On May 7, 2017, we hosted a Procession of Neighbors with InterFaith Works. The Procession invited people of all faith traditions to join together to demonstrate solidarity with the refugee community in Syracuse and with all seeking refuge around the world. Thank you to everyone who joined us! We are invigorated by your compassion and support.
Posted by Bridget Dunn, Communications Coordinator
My daughter, who is majoring in Philosophy and Psychology at the University of Scranton, recently sent me an article by Rachel Remen. I thought to myself, in my most condescending voice, “How cute of Juliana to send me this article.” And then I read the piece. And I was humbled. Not by any significant revelation. But more by the fact that the article describes how our staff, my staff, work every day at Catholic Charities. Remen says, “Helping, fixing, and serving represent three different ways of seeing life. When you help, you see life as weak. When you fix, you see life as broken. When you serve, you see life as whole. Fixing and helping may be the work of the ego, but service is the work of the soul.”
We serve over 20,000 people every year at Catholic Charities, ranging in age from infants to senior citizens. We work with those members of our community who are most vulnerable and in greatest need. But it is the way we work with them that matters the most. Remen nails it when she states,
“Service rests on the premise that the nature of life is sacred, that life is a holy mystery which has an unknown purpose. From the perspective of service, we are all connected. All suffering is like my suffering and all joy is like my joy. Serving is different from helping. Helping is not a relationship between equals. A helper may see others as weaker than they are, needier than they are, and people often feel this inequity.” In the process of “helping” we may diminish the other’s self-esteem, their sense of worth, integrity or even wholeness.
At Catholic Charites, we share the same humanity as the people we serve. We recognize ourselves in them. Service is a relationship between equals. And our service strengthens us as well as others.
Three unusual boxes spent some time last month in the corner of an office at our headquarters. They awaited pick up for three days, and prompted smiles from staff the entire time.
The boxes contained a special set of donations – 20 care packages put together by a local girl scout troop. The girls made the care packages as an empathy-building project. They stuffed them full of goodies for the kids who stay at Dorothy Day House, our shelter for homeless women and their children.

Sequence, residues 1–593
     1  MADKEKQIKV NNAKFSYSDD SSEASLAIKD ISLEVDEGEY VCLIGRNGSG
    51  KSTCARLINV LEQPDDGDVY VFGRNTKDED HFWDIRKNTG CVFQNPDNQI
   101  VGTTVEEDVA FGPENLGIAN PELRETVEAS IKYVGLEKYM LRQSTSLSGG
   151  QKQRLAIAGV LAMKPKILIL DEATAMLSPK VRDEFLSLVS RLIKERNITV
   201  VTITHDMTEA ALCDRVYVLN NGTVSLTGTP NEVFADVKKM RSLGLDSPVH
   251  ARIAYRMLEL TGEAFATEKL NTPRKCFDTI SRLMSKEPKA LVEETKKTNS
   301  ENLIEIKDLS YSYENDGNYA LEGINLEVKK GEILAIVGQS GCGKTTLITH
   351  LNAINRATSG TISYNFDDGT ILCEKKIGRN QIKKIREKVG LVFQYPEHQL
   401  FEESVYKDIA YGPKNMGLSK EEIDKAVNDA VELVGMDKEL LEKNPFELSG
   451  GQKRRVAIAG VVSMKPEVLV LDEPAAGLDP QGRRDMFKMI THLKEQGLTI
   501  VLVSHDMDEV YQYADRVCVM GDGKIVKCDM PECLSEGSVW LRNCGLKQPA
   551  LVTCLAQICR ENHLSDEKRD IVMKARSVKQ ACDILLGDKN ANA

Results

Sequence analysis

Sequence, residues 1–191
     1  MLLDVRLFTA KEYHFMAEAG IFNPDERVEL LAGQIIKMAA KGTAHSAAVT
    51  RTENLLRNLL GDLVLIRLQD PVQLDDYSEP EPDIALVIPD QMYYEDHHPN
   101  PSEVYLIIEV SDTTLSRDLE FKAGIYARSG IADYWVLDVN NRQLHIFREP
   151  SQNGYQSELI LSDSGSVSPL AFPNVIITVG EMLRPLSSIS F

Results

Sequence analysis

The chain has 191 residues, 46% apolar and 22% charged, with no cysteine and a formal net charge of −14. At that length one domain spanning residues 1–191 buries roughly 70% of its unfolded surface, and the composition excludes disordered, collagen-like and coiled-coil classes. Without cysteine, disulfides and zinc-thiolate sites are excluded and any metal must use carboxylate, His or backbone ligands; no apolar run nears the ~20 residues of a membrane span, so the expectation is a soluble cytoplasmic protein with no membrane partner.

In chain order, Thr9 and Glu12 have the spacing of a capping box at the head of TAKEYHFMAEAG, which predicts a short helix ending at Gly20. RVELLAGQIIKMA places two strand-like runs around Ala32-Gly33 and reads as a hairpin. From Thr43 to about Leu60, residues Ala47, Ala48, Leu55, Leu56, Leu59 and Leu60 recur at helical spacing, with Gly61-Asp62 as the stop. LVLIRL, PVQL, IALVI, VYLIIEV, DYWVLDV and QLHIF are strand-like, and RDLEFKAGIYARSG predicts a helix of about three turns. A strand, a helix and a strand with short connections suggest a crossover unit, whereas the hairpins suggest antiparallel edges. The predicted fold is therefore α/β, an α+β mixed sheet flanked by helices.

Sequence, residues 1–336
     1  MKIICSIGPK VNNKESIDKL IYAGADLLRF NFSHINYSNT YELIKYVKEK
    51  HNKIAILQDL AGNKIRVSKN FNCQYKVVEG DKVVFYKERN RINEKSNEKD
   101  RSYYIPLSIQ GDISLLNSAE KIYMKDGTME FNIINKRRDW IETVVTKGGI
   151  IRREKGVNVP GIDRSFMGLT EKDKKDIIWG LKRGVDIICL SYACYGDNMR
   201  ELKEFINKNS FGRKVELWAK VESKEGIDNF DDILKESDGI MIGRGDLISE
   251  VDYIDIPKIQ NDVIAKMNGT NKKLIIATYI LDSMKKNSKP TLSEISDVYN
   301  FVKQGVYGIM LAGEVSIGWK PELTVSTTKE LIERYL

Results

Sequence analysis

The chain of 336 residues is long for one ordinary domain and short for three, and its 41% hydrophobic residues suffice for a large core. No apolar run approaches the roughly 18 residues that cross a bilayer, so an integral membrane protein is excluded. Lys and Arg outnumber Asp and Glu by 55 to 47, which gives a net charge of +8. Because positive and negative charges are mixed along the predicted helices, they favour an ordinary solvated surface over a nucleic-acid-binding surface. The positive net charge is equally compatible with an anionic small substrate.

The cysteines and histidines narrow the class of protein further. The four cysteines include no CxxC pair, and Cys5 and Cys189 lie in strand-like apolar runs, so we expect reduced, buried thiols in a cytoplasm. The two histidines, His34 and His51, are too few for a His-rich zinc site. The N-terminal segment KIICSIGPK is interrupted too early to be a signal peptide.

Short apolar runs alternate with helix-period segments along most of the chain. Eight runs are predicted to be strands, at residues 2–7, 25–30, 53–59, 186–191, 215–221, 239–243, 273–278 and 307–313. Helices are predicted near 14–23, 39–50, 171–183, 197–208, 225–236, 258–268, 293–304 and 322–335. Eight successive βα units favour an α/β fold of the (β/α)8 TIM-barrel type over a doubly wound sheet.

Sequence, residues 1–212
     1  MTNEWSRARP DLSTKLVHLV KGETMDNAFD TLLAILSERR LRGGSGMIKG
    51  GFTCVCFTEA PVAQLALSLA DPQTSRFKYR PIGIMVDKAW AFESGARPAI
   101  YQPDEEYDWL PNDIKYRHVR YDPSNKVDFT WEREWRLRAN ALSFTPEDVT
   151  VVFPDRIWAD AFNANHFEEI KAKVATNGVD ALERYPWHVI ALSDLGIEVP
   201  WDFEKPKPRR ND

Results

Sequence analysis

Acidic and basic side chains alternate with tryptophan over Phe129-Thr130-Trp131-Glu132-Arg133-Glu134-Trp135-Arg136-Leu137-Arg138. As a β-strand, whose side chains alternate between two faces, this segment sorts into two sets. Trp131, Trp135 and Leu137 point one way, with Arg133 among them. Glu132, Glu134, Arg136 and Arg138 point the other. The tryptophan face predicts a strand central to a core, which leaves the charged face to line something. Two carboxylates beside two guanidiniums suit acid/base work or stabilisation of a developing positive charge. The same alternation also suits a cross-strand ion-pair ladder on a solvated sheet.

The packages are bright and cheerful. They contain snacks, toothbrushes, kid-friendly shampoo, coloring books, stickers and more. The girls wrote their own notes to accompany the car packages, wishing their peers happy days.
Across the U.S., about 2.5 million children are homeless every year. This historic high is about 1 in every 30 kids (http://www.air.org/center/national-center-family-homelessness). As a poverty-stricken city, Syracuse has many struggling families. Their struggles are thrown into even sharper relief by the aproaching holidays. A season that shoud be about celebration and loved ones can instead be a reminder of what parents aren’t able to provide for their families.
Assistance from concerned neighbors like this girl scout troop and our numerous other supporters helps make a difference for these struggling families. Our Christmas Program supplies gifts and toys to over 400 families every year. Will you join the effort to make the holidays brighter and the next year more hopeful for people who are struggling? Any contribution helps.
Our thanks to all who took part in making our Salt City Shaker a great event! Thank you for coming out to learn more about our work and to get to know other movers and shakers on Central New York. Our congrats again to Camille Tisdel, Director of Web Services in the Office of Advancement and External Affairs at Syracuse University, who was honored with the Mover and Shaker award for her contributions to the community.